11/20/17

Peyton Donnell

Texas State students are using music to celebrate Latin culture. Bobcat Update's Peyton Donnell tells us how the student organizations -- Ritmo Latino, Chess Club and Rincon Hispano -- came together to throw a Latin Dance Night at George's.

George's welcomed students from all walks of life at last week's Latin Dance Night. Students were able to be immersed in many aspects of Latin culture such as food, music and dance. Some students, like Etzel Wolff, were excited to attend because the  atmosphere reminds them of home. 
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Wolff also says she loves the culture because it's so inclusive.
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The event was also reminiscent of home life for Texas State junior, Monica Prieto, who embraces the sense of unity.
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STANDUP: If you missed out, be sure to catch one of the other many events that George's hosts. For Bobcat Update, I'm Peyton Donnell.

11/19/17

Preston Winsett

Students at Texas State have reason to feel unsafe lately. Bobcat Update's Preston Winsett tells us how the university is responding.

Multiple bomb threats aimed at the L-B-J Student Center has raised tension on campus leaving some students wondering if Texas State handled the situation properly.
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Security on campus is a priority for the Texas State police department. The department has increased its presence  on campus because of the threats.
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The Texas State police department encourages students to take advantage of the several services it offers to promote security.
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Police also encourage students to reach out if they have any suggestions or concerns.
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Leanda Harley

Students who love reptiles can meet others who have a similar interest -- thanks to a local organization. Bobcat Update's Leanda Harley has more.

Homies with Scales is an educational organization that began this year in San Marcos. The organization sets up at venues around town to give participants an opportunity to learn and interact with reptiles.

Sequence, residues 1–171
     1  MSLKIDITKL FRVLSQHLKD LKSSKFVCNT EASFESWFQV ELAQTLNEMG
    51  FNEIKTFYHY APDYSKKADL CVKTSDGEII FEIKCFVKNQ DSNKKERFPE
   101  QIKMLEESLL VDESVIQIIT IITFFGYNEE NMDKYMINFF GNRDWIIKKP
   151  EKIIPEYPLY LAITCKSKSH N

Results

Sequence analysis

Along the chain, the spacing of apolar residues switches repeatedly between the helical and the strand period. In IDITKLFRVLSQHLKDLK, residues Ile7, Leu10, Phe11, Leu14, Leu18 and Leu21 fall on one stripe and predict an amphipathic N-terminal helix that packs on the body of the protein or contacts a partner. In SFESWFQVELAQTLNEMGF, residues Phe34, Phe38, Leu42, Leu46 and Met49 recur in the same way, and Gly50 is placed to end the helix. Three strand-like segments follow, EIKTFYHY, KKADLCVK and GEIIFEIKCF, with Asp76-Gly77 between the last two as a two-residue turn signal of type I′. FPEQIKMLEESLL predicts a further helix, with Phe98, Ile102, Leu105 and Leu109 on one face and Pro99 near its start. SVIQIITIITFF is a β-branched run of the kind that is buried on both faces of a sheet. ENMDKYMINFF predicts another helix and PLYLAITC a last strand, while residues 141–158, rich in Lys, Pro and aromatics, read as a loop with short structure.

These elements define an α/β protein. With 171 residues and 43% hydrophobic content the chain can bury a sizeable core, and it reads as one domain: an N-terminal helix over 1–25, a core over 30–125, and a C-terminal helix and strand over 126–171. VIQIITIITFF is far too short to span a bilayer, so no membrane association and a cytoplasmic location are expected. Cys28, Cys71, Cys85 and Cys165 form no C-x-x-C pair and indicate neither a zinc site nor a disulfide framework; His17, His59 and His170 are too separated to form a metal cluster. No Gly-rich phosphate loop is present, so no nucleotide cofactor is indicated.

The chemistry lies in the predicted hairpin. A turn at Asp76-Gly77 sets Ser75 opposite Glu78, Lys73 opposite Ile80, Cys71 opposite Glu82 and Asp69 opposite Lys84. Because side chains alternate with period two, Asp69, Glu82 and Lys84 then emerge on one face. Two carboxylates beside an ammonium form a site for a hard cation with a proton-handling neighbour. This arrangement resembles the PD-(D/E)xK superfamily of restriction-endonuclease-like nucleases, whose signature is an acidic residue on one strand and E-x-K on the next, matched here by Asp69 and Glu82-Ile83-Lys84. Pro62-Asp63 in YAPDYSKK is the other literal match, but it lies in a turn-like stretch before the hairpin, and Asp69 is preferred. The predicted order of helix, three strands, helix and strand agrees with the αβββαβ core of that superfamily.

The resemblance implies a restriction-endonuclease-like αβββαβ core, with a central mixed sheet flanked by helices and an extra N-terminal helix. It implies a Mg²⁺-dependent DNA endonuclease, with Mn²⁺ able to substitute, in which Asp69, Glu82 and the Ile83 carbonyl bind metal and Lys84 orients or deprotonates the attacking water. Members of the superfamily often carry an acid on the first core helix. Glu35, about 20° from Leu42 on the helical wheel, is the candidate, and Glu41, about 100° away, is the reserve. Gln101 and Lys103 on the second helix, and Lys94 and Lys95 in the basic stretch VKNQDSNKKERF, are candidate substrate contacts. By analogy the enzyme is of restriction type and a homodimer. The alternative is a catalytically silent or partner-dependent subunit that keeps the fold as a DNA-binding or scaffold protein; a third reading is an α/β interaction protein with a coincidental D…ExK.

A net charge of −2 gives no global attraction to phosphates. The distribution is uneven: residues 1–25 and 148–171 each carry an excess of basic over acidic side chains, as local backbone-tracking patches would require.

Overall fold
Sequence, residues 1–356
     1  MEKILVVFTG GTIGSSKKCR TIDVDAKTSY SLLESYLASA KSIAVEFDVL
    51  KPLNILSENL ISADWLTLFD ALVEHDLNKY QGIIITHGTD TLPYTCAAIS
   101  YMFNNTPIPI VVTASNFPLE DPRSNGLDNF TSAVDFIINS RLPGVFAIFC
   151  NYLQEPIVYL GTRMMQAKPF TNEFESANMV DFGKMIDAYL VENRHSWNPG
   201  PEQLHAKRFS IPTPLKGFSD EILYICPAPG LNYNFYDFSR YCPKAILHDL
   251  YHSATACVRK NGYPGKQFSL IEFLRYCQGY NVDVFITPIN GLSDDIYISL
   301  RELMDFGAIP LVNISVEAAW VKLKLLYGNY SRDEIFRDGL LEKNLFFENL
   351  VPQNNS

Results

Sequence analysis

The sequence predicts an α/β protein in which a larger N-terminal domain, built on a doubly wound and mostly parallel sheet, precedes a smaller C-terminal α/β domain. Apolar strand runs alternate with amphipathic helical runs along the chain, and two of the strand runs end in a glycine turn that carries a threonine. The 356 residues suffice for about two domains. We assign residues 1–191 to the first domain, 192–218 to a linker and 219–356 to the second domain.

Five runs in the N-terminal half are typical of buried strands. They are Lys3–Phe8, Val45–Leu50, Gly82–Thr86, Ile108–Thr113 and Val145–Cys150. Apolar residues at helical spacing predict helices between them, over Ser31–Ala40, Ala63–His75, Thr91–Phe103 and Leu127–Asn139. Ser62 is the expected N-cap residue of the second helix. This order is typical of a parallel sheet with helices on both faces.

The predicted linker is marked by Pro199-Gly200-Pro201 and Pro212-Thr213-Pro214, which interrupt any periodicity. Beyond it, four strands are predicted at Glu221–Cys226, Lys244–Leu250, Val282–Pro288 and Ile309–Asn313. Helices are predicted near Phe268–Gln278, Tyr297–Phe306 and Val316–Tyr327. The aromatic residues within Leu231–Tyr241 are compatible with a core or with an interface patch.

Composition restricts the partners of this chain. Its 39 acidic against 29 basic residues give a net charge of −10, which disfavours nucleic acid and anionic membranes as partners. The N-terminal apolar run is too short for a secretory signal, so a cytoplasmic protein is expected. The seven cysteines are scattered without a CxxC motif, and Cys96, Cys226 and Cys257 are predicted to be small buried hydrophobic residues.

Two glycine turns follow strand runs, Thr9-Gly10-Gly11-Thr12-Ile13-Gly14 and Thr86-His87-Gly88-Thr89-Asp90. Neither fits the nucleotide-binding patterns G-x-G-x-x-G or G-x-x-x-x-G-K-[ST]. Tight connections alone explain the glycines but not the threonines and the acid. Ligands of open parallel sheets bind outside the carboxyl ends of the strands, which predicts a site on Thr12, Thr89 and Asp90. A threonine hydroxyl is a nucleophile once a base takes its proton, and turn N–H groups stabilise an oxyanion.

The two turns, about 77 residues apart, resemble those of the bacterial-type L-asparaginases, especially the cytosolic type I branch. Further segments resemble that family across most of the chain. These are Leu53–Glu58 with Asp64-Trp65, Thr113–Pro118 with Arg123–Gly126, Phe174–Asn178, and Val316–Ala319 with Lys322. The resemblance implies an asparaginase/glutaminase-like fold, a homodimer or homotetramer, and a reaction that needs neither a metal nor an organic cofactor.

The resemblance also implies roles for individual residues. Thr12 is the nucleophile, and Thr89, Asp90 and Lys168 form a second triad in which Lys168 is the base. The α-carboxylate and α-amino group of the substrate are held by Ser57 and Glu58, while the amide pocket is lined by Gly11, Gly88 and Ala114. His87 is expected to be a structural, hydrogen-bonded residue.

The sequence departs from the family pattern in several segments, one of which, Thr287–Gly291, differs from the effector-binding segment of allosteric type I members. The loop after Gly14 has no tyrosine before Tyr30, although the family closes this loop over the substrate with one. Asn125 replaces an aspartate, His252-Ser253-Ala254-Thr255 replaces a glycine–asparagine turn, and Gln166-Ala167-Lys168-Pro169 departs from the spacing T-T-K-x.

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People of all ages have come out to learn more about their cold-blooded friends.
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Homies with Scales is expanding to include outreach to local schools.
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Chelsie Anguiano

It was two years ago that Central Texas experienced devastating floods, leaving many families homeless and causing several deaths. Bobcat Update's Chelsie Anguiano follows up on the story.

The Zavala family is one of many affected by the flooding. The Zavalas received help, but their recovery is far from complete.
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To the Zavalas, family is the most important thing. 
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With the help of their community, the Zavalas are hoping their home will be completed soon.
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Volunteers cleared out the debris and helped repair damages that were made by the flooding.
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Even though two years have passed since the floods occurred, there are still many homes that need repairs.
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STAND UP: The organization is always looking for new volunteers and donations. To see how you can help. visit br3t.org or call 512-677-9701. For Bobcat Update, I'm Chelsie Anguiano. 

Otoniel Rivas

Health Promotion Services meets every Tuesday to address a variety of health issues and promote healthier lifestyles. Bobcat Update's Toni Rivas has more.
 
Healthy Cats is a student-led organization that meets every Tuesday at 5 p-m on the second floor of the Student Health Center. The organization addresses a variety of topics, including a recent effort to promote better nutrition.
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Students who enjoy cooking should consider joining Healthy Cats to enjoy its benefits.
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Teams are always collaborating in a positive and learning environment
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For more information on how to join Healthy Cats, you can contact them at 5-1-2-2-4-5-2-1-6-1. For Bobcat Update, I'm Tony Rivas.

Albino Hernandez

The San Marcos Arts Commission recently had a sculpture viewing involving artists who want their work to be on permanent display in the city.  In this Bobcat Update, Albino Hernandez tells us more about the event, which was held at the city's Activity Center.

Four artists were chosen to present their scale models for public discussion. San Marcos residents will have a chance to vote on the sculptures by filling out a form on which they critique the sculptures' movement and color.
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The sculpture designs have several purposes:  to enhance the beauty of San Marcos, promote tourism, and to highlight the endangered species living in the San Marcos River.
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The final Texas Kinetic Blind Salamander Sculpture will be placed in the city's sculpture garden located next to the San Marcos River. For Bobcat Update, I'm Albino Hernandez.     

11/16/17

Bailey Green

San Marcos business owners can learn how to promote their services more effectively. Free workshops will be held later this week to provide some tips. Bobcat Update's Bailey Green has more.